THE WHITMANS: HELEN V. WALT

f evans

Before Leaves: Walt Whitman was the author of the racist Temperance novel, ‘Franklin Evans.’

“People do not want their daughters trained to become authoresses and poets. We want a race of women…”  —Walt Whitman, Brooklyn Daily Times, 1857

Helen Whitman, prolific essayist, poet, fluent in French, German, & Italian, feminist, abolitionist, nonconformist, ardent defender of Poe’s memory.

Helen Whitman (1803-1878) versus Walt Whitman (1819-1892):

Who was the better poet?

Without further ado:

Remembered Music

Oh, lonely heart! why do thy pulses beat
To the hushed music of a voice so dear,
That all sweet, mournful cadences repeat
Its low, bewildering accents to thine ear.
Why dost thou question the pale stars to know
If that rich music floats upon the air,
In those far realms where, else, their fires would glow
Forever beautiful to thy despair?
Trust thou in God; for, far within the veil,
Where glad hosannas through the empyrean roll,
And chorul anthems of the angel’s hail
With hallelujah’s sweet the enfranchised soul,—
The voice that sang earth’s sorrow through earth’s night,
Shall with glad seraphs sing, in God’s great light.

—Helen Whitman

A Noiseless, Patient Spider

A noiseless, patient spider,
I mark’d, where, on a little promontory, it stood, isolated;
Mark’d how, to explore the vacant, vast surrounding,
It launch’d forth filament, filament, filament, out of itself;
Ever unreeling them—ever tirelessly speeding them.

And you, O my soul, where you stand,
Surrounded, surrounded, in measureless oceans of space,
Ceaselessly musing, venturing, throwing,—seeking the spheres, to connect them;
Till the bridge you will need be form’d—till the ductile anchor hold;
Till the gossamer thread you fling, catch somewhere, O my soul.

—Walt Whitman

Both poems are abstracts of hope. Helen Whitman’s conceit seems grandiose next to Walter Whitman’s comparison of soul to spider.  Does hers have too much religious lumber?  At first glance it might seem so, but each poem expresses its truth indirectly; we don’t really believe the soul is a spider, but we must, to enjoy Walt’s poem—especially since the whole poem turns on spider as soul in the declarative urgency of the “O my soul” business.  “Remembered Music” requires even more suspension of disbelief, but like Walt’s, hers succeeds as a poem.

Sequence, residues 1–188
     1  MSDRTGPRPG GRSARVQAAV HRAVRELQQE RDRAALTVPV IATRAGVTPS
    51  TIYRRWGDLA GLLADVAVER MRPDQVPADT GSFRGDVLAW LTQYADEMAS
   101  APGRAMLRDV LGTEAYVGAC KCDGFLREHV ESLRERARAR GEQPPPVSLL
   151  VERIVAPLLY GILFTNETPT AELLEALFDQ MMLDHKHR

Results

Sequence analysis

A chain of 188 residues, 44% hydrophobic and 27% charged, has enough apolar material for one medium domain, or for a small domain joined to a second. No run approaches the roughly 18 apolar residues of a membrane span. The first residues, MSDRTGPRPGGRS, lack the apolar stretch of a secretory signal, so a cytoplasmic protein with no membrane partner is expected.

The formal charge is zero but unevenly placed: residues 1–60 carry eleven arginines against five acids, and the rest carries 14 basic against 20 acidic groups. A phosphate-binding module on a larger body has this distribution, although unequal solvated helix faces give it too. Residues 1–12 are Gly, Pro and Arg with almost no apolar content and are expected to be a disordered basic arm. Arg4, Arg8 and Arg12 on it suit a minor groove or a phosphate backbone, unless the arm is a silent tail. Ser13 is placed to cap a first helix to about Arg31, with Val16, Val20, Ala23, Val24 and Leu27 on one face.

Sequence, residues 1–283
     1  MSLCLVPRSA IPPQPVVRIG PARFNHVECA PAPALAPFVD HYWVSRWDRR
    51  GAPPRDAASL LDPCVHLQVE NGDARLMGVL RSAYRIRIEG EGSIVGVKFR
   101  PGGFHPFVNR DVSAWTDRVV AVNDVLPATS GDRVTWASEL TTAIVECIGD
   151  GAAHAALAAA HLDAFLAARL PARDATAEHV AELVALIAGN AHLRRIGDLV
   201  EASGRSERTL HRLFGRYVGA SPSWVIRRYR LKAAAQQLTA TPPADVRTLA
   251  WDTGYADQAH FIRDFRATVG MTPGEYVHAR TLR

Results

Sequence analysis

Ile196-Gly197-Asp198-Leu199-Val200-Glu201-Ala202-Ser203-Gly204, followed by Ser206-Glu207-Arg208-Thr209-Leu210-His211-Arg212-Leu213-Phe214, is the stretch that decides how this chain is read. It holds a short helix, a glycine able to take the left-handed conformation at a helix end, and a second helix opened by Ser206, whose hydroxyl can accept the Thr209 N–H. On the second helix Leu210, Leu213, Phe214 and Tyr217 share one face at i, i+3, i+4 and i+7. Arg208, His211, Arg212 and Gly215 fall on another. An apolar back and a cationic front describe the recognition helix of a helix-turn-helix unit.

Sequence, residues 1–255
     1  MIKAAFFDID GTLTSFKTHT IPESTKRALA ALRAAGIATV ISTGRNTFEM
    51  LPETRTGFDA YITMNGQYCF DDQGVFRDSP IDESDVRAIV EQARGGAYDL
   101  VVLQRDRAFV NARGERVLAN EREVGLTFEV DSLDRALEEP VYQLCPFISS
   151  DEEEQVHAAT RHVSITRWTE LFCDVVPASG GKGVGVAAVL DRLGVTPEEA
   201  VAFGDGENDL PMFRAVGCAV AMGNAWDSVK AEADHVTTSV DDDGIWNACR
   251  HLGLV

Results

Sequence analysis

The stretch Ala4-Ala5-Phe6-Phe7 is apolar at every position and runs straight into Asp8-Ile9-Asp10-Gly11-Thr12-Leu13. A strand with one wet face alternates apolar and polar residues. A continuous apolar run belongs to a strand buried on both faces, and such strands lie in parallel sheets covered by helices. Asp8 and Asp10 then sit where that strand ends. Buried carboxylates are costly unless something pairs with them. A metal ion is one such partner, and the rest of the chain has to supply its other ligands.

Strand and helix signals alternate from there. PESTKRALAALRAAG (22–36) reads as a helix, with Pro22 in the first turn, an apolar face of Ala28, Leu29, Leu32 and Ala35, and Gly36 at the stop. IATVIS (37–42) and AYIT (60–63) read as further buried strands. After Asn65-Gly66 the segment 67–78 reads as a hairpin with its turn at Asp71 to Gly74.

All poems, because they are poems, whether they are modern or not, have to overcome the challenge of working in reality as an artificial device, of being ideally ideal in terms the real understands.

Between the first (spider) and second (soul) stanzas of “Noiseless Patient Spider” is the empty space where ‘suspension of disbelief’ resides, the space over which the two sides of the poem’s metaphor (literally) seek each other out in the reader’s mind: ‘noiseless spider’ and ‘O my soul.’  Form mimics content.  We throw filaments across the abyss to connect the two sides of the metaphor: spider: soul.

So with Helen Whitman’s: the “hushed music of a voice” is the palpable symbol of the poem, the ‘voice’ both in the poem, and of the poem, pulsing through it, hushed at the beginning, singing at the end.

Let’s call this one a draw; Walt’s lyric has the more singular image, and contains more subtle music; Helen’s sonnet is richer, grander and more melodious.

But given that Helen Whitman is almost unknown, the moral victory goes—to her.

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4 Comments

  1. Al Cordle said,

    November 19, 2011 at 2:45 am

    I am looking forward to the next entry in this new series: The Dickmans: Michael vs. Matthew.

    • thomasbrady said,

      November 19, 2011 at 2:35 pm

      LOL ah, the swordplay of the Dickmans! That should be good!

  2. David said,

    December 17, 2011 at 4:27 pm

    We’ll probably agree that Whitman’s simile comparing spider to soul works better than Transtromer’s metaphor conflating spider and piano.

    Walt was always tossing out that gossamer thread — “every atom of me as good belongs to you”. Helen’s hope is more grounded.

  3. thomasbrady said,

    December 17, 2011 at 5:55 pm

    Two roads diverged in a wood, Helen and Walt…


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